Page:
In Hawaii, this cursed year is going out with even more horror. The volcano Kīlauea on the state’s Big Island erupted Sunday night.
In a statement at 9:30 that evening local time, the United States Geological Survey’s Hawaiian Volcano Observatory said “an eruption has commenced” within the volcano’s summit caldera. It began with a “glow within Halemaʻumaʻu crater,” but soon, the bright orange brilliance grew and was coupled with thick plumes of rising dark ash and smoke.
Lava boiled off the water lake that has sat inside Halemaʻumaʻu crater since the 2018 eruption. USGS found that the lava that replaced filled the crater to a depth of 32 feet (10 meters) in just two hours. It also sent a lava fountain shooting roughly 165 feet (50 meters) into the air.
An hour after the eruption began, an earthquake rocked the island. USGS sensors put it at a magnitude of 4.4 on the Richter scale, which sent shakes across the Big Island. At least seven small earthquakes preceded the eruption, measuring between magnitude 2.5 to 2.7, sending a warning to officials something was afoot.
Hawaii county’s Civil Defense Agency has ordered all residents to stay inside their homes to avoid exposure to ash, which can irritate eyes and lungs. The National Weather service expects the southwest part of the Big Island will see ash fall, with the greatest risk in the communities of Pahala, Wood Valley, Naalehu, and Ocean View. For now, the lava remains contained in the crater, though, so at least there’s that.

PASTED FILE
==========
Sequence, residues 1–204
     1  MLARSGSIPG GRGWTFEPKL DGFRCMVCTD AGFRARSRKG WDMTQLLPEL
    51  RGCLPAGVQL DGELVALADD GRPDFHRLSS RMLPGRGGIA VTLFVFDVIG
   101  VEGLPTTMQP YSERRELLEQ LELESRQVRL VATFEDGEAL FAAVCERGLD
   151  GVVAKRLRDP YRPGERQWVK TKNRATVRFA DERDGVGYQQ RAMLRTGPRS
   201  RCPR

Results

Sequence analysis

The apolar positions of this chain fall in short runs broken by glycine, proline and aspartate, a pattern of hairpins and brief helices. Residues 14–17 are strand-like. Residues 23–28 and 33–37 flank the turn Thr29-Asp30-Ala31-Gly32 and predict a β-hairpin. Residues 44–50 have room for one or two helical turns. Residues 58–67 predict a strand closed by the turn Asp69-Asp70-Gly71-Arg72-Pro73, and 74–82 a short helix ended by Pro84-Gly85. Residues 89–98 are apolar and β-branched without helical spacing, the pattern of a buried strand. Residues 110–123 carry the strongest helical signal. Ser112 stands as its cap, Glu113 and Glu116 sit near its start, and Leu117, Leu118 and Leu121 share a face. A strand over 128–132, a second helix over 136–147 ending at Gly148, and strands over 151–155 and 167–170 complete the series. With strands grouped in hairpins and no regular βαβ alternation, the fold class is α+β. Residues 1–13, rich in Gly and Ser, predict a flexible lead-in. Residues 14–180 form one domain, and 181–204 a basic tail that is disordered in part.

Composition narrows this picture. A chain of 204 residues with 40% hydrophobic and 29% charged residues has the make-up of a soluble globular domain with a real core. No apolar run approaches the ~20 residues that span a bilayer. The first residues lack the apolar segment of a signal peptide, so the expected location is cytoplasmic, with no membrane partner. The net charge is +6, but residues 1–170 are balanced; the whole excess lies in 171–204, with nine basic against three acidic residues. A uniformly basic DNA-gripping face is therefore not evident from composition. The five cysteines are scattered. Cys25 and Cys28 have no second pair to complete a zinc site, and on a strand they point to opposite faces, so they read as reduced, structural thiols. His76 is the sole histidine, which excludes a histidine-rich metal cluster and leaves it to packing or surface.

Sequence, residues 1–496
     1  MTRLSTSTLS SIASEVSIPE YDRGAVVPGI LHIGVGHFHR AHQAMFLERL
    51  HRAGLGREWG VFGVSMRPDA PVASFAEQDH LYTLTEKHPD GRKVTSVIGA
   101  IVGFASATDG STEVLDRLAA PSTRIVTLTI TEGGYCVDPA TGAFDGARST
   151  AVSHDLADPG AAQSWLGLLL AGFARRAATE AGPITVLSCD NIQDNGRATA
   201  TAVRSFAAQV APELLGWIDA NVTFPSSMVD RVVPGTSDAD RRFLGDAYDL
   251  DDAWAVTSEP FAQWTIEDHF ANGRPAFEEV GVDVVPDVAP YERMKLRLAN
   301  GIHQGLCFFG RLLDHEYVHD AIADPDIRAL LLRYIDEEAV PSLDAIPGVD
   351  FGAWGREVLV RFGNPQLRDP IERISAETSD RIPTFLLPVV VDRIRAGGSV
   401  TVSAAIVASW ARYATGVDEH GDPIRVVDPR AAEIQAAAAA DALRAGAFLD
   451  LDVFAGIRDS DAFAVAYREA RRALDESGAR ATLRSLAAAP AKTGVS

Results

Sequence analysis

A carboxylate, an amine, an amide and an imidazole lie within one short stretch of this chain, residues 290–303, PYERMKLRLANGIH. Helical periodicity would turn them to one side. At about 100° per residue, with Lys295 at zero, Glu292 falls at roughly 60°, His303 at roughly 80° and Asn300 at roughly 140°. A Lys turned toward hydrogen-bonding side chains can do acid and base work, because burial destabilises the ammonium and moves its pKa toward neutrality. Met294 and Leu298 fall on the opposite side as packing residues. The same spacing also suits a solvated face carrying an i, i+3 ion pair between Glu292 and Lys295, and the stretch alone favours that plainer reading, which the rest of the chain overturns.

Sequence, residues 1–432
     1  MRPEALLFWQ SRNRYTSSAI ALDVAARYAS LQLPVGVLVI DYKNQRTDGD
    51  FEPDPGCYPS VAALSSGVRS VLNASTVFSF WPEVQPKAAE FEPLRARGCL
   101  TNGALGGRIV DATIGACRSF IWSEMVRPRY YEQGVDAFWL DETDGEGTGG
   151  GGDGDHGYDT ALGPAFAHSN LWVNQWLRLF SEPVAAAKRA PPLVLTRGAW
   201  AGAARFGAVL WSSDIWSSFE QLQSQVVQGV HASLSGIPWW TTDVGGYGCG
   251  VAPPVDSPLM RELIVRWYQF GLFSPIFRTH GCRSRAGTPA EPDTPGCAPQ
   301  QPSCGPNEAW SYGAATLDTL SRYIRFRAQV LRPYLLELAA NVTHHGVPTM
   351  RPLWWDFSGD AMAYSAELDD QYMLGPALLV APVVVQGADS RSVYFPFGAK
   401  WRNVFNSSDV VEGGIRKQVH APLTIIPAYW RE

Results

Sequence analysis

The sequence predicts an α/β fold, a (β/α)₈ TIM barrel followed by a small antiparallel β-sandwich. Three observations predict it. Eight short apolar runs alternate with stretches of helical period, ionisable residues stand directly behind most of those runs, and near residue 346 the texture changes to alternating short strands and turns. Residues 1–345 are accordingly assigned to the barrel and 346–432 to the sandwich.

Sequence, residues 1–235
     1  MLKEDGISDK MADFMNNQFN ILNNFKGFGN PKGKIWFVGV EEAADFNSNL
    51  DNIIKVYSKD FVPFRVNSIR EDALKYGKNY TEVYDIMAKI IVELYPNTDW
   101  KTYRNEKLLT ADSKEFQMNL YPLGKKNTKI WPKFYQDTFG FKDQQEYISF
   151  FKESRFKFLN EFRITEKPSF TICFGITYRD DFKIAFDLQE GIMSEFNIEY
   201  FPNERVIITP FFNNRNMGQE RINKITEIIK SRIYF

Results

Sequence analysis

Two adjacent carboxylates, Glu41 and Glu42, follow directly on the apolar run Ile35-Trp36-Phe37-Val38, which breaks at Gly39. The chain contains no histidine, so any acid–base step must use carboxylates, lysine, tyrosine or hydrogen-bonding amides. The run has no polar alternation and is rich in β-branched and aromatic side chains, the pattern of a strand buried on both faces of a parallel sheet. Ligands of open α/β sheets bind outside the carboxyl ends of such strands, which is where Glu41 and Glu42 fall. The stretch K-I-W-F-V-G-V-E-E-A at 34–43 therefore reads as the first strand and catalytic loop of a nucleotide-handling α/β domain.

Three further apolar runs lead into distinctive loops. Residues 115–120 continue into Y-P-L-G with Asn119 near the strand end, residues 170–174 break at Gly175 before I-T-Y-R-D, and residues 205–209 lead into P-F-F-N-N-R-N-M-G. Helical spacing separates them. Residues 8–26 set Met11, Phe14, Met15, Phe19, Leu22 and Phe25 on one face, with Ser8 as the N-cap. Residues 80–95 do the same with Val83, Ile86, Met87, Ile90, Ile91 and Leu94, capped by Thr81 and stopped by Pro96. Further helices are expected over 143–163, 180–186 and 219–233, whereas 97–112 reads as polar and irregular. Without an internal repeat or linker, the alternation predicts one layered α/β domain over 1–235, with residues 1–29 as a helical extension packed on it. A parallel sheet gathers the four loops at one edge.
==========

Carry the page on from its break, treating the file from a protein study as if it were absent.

The volcano last erupted in 2018, when it not only spewed lava and hot ash but also huge ballistic rocks and freaky blue flames while creating its own weather. That eruption lasted for weeks, and buried large portions of neighborhoods such as Leilani Estates in the volcano’s East Rift Zone where the eruption was centered. Lava even reached the ocean, reshaping the contours of the island.
Since that 2018 terror, Kīlauea has seen regular small earthquakes beneath its caldera and upper rift zone, probably caused by the intrusion of magma. In recent months, the Hawaiian Volcano Observatory said those earthquakes began taking place more frequently. It’s unclear if the current eruption will follow the same course as the 2018 one.
You can watch a livestream of the eruption here.
This is a developing story and will be updated.